Bloggers are different. They are the green grass on the other side. They are the friendly neighbour. They are funny. They are genuine. They love pizza. And when they leave a comment, well, they put YouTube commenters to shame.
I think I just inadvertently described Canadians.
I’ve been blogging long enough to notice that all bloggers face the same hurdles.
A lot of us think the same way and possess the same sense of humour. It’s eerie. I love it.
Many times, I have an idea for a post, when all of a sudden I scroll through my Reader and see someone else has stolen my idea and beat me to it. Now, I can’t copy them. I go back to the drawing board.
Kudos to them for having the same thoughts as a genius like myself!
All bloggers start off their “journey” with the dreaded first post. Almost every first post follows the same outline.
It goes something like this:
Start off the post with a rolling start. Say this is your first blog and first post. You don’t really know what to say. You guess you should introduce yourself. (You guess?). Try and be humble. Try and be humble. Act nonchalant. Mention that you don’t think anyone will read your blog. Say that it doesn’t matter if no one reads your blog. You are blogging for yourself! Tracking your progress. If people read it, great. Running out of things to say. Ask rhetorical questions. Reiterate that you don’t think anyone is going to read it.
Use the strikethrough feature a few too many times. Ask people to tell you what to write about. Sign off.
That sums it up, no?
Let’s not kid ourselves, we all care about our statistics. We all care about views, likes, and follows. Let’s stop beating around the bush and admit it. Can we all just admit it? We refresh our stats page and hope the numbers change because that means someone in the world actually cares.
WE JUST WANT PEOPLE TO CARE.
It hurts when we post something that we put our blood, sweat, tears, and bad breath into, and yet it gets very little response.
And if you think I don’t know what that’s like because my recent posts have been getting close to 50+ likes and comments, then go check out everything I wrote between June 2013 – February 2015 and tell me how much interaction I got back then.
I REPEAT, WE JUST WANT PEOPLE TO CARE.
I’ve used the “I blog for myself” line before. A lot of bloggers have. I’ll admit, I was lying. Sure, one of the reasons why I blog is for myself. But it’s not the main reason.
If I was only blogging for myself, I’d write all of my posts in Microsoft Word and then call up my imaginary friend Carlos so we can meet up at a coffee shop and sit at a table with crumbs on it, where I would just stare at ‘arlos (my nickname for him) and not tell him anything I just wrote.
As bloggers, our most important post is the next one. Sometimes, it gets really hard coming up with that “next one.”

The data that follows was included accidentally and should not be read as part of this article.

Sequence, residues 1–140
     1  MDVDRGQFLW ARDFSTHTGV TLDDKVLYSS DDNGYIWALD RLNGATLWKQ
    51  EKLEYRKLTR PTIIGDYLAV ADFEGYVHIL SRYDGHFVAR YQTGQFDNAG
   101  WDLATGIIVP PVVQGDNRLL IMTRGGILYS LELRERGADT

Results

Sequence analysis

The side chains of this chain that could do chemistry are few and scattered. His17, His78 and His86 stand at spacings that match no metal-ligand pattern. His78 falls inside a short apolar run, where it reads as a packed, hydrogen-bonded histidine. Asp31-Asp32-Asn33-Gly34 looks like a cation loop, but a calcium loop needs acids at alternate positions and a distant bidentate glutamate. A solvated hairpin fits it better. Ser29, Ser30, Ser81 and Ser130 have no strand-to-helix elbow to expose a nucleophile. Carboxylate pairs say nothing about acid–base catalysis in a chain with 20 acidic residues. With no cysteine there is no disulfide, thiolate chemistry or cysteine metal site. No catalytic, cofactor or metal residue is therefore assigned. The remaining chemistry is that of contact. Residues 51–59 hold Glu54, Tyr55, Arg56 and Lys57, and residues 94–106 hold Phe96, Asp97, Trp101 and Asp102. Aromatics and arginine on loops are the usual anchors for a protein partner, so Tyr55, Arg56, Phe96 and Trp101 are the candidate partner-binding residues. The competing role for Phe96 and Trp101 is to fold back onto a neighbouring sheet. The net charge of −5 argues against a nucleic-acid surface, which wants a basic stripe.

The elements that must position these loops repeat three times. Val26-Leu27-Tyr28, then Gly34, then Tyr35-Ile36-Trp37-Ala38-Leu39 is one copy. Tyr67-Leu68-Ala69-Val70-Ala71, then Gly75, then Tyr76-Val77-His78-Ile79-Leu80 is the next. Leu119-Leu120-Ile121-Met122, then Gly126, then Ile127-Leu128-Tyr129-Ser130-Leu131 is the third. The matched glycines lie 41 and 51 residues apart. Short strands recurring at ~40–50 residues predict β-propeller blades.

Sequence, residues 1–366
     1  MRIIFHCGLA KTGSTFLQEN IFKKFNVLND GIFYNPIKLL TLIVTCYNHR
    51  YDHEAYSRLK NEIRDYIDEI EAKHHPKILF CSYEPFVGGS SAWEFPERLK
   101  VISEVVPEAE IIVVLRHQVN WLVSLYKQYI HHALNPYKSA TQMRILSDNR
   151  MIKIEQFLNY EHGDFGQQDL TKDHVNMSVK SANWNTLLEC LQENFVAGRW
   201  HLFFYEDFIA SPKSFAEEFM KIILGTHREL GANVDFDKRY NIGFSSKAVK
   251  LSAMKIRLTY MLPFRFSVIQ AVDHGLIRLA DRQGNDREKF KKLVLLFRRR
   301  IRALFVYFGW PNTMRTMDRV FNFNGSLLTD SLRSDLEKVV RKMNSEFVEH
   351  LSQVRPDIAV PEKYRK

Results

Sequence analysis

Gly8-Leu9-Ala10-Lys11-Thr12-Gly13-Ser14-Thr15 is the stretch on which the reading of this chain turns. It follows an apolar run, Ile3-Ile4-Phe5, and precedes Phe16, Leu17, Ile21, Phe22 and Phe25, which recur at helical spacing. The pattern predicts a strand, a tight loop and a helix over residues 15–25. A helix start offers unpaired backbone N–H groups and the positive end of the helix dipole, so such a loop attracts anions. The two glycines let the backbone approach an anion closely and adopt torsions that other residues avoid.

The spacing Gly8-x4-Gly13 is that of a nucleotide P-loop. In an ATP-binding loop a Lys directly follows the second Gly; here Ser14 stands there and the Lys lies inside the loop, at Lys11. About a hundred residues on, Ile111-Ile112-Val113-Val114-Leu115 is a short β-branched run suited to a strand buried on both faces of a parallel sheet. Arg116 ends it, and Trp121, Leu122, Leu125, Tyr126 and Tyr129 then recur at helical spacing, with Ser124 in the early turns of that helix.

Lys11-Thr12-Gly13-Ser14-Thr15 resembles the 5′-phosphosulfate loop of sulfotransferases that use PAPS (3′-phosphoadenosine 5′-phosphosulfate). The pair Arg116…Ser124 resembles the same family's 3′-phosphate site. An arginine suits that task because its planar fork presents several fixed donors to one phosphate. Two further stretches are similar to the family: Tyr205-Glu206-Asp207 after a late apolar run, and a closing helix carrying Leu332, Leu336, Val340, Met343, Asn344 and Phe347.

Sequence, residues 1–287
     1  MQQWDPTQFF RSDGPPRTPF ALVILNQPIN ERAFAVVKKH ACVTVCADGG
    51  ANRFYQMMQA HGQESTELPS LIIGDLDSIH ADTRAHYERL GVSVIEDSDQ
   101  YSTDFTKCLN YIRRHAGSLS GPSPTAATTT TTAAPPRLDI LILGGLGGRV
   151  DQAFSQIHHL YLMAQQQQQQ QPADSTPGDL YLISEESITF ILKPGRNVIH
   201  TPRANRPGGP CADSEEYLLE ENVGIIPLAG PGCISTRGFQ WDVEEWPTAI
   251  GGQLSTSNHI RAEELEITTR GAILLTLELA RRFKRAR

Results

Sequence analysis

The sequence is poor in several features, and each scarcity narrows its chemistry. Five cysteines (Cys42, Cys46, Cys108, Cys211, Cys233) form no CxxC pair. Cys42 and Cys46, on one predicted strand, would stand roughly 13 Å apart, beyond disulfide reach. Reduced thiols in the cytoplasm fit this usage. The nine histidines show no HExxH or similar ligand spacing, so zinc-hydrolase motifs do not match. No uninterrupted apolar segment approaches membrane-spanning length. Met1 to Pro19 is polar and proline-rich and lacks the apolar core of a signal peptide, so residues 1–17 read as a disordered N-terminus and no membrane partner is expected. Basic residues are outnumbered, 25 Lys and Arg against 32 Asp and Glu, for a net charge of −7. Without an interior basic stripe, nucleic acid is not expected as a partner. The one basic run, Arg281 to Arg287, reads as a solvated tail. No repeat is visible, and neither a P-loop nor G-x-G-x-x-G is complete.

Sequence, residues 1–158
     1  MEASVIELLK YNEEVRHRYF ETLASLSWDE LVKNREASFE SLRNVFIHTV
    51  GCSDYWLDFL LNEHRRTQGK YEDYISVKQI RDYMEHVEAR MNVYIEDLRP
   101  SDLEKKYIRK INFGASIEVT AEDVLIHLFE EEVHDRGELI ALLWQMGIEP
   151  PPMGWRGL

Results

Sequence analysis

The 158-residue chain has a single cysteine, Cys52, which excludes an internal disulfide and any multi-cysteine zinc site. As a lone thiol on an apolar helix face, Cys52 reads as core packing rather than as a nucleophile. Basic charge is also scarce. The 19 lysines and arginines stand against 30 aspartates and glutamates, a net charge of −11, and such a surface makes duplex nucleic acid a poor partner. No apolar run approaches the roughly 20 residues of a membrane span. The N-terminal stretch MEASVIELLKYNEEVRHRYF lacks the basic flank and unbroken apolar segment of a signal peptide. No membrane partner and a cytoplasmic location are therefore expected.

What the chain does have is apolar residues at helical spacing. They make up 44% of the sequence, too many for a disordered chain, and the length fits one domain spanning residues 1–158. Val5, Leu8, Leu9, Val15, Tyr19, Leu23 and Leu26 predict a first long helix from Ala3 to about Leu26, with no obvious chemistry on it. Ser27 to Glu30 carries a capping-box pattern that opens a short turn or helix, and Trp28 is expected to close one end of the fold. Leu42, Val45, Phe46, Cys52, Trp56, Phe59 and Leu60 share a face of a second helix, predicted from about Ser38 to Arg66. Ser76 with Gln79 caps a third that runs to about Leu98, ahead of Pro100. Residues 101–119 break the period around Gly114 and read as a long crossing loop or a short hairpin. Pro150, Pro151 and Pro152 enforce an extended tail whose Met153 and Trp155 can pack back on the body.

Every single day I’m looking for something I can turn into a post.
People were slow at the buffet. Maybe I can turn that into a post? Done.
A fly is attacking me in the dark. Maybe I can turn that into a post? Done.
I can’t tie a balloon. Maybe I can turn that into a post? Done.
Dogs hate me. Maybe I can turn that into a post? Done.
It’s a never-ending struggle. Because when we do find that “next one”, and press publish, we are once again in search for another “next one”.
When we don’t know what to write about, we write about blogging. Ever notice that? We write about blogging and preach from our high horse how other people should run their blog. We write about what blogging means to us and the connections we’ve made. It’s cute.
If we haven’t posted in a while, we feel the need to apologize. I stopped doing that a long time ago because I felt silly. If I don’t post anything for an entire week, why am I going to come back and bring attention to it?
If you haven’t posted anything in an entire month, I don’t want an apology from you. It’s too late too apologize. I want a pizza at my doorstep, a hand-written note, and your tears on that note.
Honestly, don’t apologize. It’s your blog. You write whenever you want to write.
I can be a bit cynical. Do people really care about my post, or are they just interacting with me so I check out their blog? Or do they comment because they know I have a lot of followers and they can win some over by invading my posts?
Don’t tell me I’m the only one thinking this.
Yet despite all the struggles behind the scenes (in my head), the genuine interactions I have with other bloggers is what makes this whole thing beautiful.
You make me feel like I did something right when you tell me you can’t stop laughing, or that you found something I said very relatable.
A single exclamation mark in someone’s comment on one of my posts is enough for me to throw a pizza party.
The bonds we create aren’t forced. They aren’t built off of a series of comments like “Good post” and “I agree.”
They are built off of our willingness to share our real thoughts with people we’re 98% sure aren’t psychopaths. They are built off of how willing we are to turn the comments section into a conversation.
They are built off of a genuine need to know what someone on the other side of the world is experiencing on a daily basis.
There are some blogs I follow that I need to read every day. They have become a part of my daily routine.
Because when people, who I may never meet, can make me truly care about them, while constantly putting a smile on my face and forcing me to see things from their perspective, then everything else – the stats page; the struggle to think of a new topic; the cynicism; the flies that attack me in the dark – does not matter.
I call myself a blogger because of the friendships I get to make with people around the world, without ever leaving my house.
Though it may try, my stats page will never give me the same gratification.